Changes in society echoed in the life of this religious

Sr Sybil Boddington SND, 1919 – 2012

by Fiona Boddington and Clare Barfoot

Sybil Boddington was born in Blackpool on 20 September 1919 to James and Violet Boddington but grew up mostly in Buxton, where they moved in 1924 and where her father became Spa Director. It was by all accounts a happy childhood, and she and her younger siblings, Diana and Tony, were close.

She attended Birkdale Notre Dame boarding school until she was 16 and wanted very much to be an actress. This love of drama was fostered by trips, several times a week, to the cinema - for which her father received concessionary tickets - and by Lillian Bayliss lodging with the family when her theatrical company was in town.

Not being allowed to become an actress, she chose, to the consternation of her family, to enter the Order of the Sisters of Notre Dame. Indeed, her sister, Diana Boddington MBE, used to say that she was only allowed to work in the theatre because of parental fears of her following the example set by Sybil.

Diana eventually became Stage Manager at the Old Vic and was with Laurence Olivier at the National Theatre from its inception until her retirement. She was the first person in stage management to receive an MBE. The sisters remained close despite their divergent lifestyles and were enormously proud of one another.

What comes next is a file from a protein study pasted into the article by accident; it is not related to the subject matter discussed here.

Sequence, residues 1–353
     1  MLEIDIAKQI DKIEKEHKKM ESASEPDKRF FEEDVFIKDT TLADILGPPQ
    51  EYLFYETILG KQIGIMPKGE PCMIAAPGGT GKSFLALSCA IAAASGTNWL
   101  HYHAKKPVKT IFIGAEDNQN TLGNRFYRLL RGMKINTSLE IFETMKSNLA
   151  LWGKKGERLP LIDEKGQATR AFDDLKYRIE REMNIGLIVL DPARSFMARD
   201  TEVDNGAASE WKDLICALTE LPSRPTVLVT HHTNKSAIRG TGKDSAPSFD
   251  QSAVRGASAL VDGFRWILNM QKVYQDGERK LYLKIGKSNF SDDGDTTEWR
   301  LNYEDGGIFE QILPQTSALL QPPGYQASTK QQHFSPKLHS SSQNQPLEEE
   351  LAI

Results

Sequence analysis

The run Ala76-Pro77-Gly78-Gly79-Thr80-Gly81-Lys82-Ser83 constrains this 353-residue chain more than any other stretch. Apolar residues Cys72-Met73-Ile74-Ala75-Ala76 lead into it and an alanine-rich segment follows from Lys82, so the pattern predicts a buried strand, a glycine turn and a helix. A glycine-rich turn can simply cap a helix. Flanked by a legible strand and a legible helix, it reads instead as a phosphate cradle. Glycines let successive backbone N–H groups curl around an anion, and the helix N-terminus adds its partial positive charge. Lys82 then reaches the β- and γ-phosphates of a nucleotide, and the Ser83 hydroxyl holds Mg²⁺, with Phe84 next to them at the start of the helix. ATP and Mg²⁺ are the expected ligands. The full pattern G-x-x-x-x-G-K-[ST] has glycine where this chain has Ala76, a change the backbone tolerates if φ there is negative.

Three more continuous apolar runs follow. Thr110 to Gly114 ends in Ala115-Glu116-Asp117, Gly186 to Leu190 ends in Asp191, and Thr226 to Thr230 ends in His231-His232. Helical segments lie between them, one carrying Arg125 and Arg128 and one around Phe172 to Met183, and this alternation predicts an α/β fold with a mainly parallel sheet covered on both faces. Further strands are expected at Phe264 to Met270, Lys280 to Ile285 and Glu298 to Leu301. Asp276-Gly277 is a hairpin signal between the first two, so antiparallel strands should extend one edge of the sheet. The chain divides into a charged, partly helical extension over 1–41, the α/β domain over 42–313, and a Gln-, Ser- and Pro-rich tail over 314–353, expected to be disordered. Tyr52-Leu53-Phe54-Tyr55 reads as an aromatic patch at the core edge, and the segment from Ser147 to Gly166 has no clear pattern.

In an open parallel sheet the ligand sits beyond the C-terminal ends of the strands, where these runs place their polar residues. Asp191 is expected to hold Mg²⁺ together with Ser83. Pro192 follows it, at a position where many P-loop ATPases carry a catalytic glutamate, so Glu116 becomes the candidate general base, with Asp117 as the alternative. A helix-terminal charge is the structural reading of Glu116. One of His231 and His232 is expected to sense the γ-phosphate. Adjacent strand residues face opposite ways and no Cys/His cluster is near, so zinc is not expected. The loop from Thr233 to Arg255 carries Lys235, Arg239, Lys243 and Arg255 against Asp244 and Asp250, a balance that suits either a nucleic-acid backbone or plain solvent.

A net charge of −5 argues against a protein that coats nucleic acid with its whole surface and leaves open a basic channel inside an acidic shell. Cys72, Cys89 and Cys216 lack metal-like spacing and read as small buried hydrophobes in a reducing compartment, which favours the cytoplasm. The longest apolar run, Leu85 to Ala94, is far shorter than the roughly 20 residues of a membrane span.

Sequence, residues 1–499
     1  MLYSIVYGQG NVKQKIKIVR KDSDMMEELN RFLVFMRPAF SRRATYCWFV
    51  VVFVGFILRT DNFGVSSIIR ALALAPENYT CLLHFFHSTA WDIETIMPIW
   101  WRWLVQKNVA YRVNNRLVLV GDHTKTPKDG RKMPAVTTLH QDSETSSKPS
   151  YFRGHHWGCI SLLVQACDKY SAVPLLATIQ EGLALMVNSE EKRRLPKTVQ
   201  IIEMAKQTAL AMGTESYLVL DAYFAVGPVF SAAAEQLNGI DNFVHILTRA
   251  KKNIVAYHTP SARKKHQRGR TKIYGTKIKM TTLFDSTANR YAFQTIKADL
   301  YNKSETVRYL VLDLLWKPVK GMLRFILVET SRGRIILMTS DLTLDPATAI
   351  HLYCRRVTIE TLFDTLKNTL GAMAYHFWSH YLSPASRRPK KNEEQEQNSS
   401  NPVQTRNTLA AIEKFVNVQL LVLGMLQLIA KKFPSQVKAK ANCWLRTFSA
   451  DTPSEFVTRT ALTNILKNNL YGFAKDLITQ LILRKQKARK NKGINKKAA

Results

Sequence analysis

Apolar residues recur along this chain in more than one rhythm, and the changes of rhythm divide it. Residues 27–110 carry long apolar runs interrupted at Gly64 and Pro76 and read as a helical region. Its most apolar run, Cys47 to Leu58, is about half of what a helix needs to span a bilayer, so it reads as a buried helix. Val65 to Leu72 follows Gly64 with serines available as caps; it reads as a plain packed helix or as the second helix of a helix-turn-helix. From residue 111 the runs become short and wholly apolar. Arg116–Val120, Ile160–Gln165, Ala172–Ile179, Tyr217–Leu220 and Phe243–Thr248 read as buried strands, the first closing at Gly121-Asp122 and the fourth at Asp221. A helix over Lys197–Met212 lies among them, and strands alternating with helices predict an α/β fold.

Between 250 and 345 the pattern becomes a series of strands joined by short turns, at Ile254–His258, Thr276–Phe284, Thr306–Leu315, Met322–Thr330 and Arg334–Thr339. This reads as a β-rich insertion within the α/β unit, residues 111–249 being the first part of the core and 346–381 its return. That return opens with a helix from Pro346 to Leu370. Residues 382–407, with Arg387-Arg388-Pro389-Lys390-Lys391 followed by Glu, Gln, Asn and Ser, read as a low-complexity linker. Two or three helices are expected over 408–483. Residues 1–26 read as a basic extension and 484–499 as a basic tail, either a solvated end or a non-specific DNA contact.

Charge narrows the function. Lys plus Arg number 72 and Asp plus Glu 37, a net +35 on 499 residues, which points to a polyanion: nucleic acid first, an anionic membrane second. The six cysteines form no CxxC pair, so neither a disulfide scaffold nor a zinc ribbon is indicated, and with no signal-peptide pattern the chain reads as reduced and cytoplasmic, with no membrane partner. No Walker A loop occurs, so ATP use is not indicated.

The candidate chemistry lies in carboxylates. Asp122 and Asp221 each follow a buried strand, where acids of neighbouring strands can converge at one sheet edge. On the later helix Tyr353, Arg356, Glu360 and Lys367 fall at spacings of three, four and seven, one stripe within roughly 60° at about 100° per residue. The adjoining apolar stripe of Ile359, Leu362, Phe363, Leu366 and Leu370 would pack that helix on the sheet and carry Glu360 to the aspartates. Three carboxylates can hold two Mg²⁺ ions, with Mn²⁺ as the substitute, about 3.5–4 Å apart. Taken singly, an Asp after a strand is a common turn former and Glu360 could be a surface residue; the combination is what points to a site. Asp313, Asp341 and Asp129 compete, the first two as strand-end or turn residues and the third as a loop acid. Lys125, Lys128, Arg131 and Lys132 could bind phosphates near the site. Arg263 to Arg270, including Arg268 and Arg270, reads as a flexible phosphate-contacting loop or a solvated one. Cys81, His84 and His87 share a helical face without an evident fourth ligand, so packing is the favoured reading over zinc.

So Sybil, in 1937, at the age of 18, entered the Order in the full knowledge that she might not see her beloved family again. She took the name of Sister Therese of the Passion and by 1940 was in Mount Pleasant in Liverpool training to be a teacher.

During that time they were bombed out of the convent and moved temporarily to North Wales. In 1944 she did an art course but was prohibited from attending the life drawing classes - though she was later allowed to study "the naked form in Greek sculpture"...

When the Order came out of the Habit in the late sixties, Sybil embraced the greater freedom this gave her. She intensely disliked the ‘making a show of oneself’ that she felt wearing a habit was and preferred to appear just like anyone else.

She also loved the new opportunity to get to know her numerous family and to travel. Back in 1937 she could not have envisaged that her world would alter to such an extent, but to the end of her life she was not afraid to embrace change, and whilst outwardly quietly conservative, always accepting of the obedience due to her Order and the Church, she privately supported the cause of married and women priests.

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Obituary in the Guardian:

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